They say it takes a village to raise a child. Parenting requires support. As humans, we are social creatures. However, in the midst of this pandemic, it is hard to get a break and utilize support networks in ways that helped us in the past.
No, let me correct that, this is more than “hard.” Parenting during this pandemic sometimes feels impossible, especially when we are cut off from our support networks. A lot of us are suddenly wearing a lot of hats all at the same time: parent, teacher, spouse, cook, employee, maid, etc.
This is not sustainable. Nor should it be. And that’s okay. This is a pandemic. This is not normal. It’s okay to not be okay. We need to acknowledge that this is our first pandemic. And like most first times, it’s hard because we don’t know what to expect and we are just trying to figure things out.
Most parents I talk to share similar experiences of exhaustion and not enough time in the day to get everything done.
Here are three things that won’t take a lot of time that might help you right now:
1. Give Grace
Give yourself grace.
You cannot wear all of your hats at the same time and excel at all of them. And that’s okay. Be kind and gentle to yourself. Every day will not be good, but there is something good in every day. Try to focus on the small things that are good.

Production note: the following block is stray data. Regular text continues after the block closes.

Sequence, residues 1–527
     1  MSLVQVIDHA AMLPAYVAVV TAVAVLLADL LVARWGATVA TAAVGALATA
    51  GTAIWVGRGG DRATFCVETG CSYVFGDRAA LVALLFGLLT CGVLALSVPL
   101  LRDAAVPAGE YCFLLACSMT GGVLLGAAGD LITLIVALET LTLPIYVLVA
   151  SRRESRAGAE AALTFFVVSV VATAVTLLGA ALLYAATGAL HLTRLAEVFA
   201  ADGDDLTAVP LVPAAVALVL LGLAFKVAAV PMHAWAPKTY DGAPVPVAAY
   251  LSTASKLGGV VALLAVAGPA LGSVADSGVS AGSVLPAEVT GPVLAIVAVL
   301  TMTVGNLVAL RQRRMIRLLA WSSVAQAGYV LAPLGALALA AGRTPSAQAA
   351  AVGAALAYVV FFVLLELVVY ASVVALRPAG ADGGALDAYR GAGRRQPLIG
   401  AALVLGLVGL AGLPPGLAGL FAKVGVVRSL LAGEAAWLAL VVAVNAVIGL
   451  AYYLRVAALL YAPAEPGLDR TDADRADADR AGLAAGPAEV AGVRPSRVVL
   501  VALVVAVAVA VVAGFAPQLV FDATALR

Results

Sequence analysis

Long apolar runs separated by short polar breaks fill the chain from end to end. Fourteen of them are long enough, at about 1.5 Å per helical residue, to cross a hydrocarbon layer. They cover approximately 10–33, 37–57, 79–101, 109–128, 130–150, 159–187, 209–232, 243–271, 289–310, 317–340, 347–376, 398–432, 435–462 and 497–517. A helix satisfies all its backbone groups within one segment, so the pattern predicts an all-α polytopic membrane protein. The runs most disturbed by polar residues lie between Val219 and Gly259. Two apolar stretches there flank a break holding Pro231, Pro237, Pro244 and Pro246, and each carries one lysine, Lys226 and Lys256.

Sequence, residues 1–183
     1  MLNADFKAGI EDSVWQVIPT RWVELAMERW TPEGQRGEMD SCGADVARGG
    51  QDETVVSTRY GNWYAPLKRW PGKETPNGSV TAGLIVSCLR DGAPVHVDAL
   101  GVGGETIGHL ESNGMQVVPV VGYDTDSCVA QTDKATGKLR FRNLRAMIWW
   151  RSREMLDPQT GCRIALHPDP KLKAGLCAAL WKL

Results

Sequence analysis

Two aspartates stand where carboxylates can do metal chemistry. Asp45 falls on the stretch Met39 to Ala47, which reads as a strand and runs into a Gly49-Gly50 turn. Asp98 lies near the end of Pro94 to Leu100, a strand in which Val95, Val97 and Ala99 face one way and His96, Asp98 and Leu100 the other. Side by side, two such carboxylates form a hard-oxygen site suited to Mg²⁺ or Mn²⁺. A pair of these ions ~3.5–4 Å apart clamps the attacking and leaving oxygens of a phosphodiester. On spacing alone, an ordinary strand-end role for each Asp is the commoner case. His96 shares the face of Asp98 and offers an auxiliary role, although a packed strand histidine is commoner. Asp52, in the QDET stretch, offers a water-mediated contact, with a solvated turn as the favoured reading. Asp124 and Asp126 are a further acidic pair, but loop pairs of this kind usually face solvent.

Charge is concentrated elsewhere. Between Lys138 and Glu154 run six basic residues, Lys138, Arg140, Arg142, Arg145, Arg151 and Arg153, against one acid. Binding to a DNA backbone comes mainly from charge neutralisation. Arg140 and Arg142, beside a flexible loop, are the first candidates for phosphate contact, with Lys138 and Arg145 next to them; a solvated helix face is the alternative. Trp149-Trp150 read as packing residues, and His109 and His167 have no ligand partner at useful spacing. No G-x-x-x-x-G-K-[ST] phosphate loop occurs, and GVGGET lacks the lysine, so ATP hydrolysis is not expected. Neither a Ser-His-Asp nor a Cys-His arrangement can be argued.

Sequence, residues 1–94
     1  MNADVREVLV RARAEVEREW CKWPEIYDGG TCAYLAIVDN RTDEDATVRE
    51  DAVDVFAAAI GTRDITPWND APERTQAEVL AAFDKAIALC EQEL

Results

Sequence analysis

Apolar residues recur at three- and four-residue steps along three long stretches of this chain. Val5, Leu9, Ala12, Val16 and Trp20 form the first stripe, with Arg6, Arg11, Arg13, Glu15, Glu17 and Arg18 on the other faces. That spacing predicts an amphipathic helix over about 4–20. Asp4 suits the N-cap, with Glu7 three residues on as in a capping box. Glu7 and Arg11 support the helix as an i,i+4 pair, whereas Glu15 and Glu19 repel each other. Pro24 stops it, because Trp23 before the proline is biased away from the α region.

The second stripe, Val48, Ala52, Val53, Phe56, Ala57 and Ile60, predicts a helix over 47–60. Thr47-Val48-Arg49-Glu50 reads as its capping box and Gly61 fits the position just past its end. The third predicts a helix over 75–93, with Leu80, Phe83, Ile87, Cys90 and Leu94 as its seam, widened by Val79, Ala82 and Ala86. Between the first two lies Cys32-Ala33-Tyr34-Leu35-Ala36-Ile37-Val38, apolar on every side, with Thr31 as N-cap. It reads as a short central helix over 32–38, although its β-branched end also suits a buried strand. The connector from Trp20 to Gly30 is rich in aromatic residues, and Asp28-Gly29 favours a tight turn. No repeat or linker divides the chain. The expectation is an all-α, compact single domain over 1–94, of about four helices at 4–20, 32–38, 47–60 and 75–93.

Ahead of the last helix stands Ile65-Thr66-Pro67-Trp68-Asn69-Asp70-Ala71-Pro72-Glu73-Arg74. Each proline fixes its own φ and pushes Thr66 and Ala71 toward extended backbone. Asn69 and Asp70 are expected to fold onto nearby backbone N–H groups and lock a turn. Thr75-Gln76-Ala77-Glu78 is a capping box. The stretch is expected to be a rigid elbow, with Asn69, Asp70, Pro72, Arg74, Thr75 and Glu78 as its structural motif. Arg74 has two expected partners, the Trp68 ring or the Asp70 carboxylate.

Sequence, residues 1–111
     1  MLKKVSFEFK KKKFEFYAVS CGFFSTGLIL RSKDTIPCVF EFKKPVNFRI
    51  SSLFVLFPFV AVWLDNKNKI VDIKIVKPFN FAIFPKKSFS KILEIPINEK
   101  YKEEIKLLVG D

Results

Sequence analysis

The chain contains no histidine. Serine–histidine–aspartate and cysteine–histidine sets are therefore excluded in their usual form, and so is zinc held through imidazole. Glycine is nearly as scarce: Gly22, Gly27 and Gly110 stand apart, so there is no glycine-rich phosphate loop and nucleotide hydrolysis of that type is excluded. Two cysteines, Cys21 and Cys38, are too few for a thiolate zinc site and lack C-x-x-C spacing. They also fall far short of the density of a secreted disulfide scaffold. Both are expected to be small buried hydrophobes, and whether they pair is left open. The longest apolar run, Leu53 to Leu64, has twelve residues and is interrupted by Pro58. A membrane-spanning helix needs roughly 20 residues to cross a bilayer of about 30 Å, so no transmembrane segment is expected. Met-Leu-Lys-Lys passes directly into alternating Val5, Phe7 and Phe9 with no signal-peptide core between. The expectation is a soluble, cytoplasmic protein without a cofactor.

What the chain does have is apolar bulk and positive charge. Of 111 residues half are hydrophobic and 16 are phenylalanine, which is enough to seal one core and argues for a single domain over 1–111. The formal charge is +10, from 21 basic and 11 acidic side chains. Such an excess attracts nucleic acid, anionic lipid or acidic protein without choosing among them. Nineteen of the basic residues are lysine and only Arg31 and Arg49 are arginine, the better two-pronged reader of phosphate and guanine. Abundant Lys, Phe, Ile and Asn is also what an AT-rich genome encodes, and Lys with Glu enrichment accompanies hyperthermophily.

Give your kids (and partner) grace, too.
Give them kindness, love and mercy even when you feel they “deserve” something else.
Try to look beyond behaviors during this time and focus on connection. Let go of some of your previous parenting techniques or goals. Just as we adjust our parenting expectations to match evolving development, we need to adjust our parenting expectations to match our evolving environment.
Changing the way we talk about ourselves and our situation can have a significant impact on our mental well-being. Negative or catastrophic thinking can significantly impact our mental health and ability to focus. However, focusing on positives and reframining how we view a situation can improve our mood and energy.
For example try saying:
- “Safe at home” instead of “stuck at home
- “At home trying to work” instead of “working at home”
- “Connection Seeking” instead of “attention seeking”
- “I’m doing the best I can” instead of ” I’m failing” or “I’m drowning”
- “Physical distancing” instead of “social distancing”
3. Find Support
You are not alone. I encourage you to be authentic about your experiences. Reach out to friends and family. Utilize the many unique ways to stay connected with others. Consider professional support.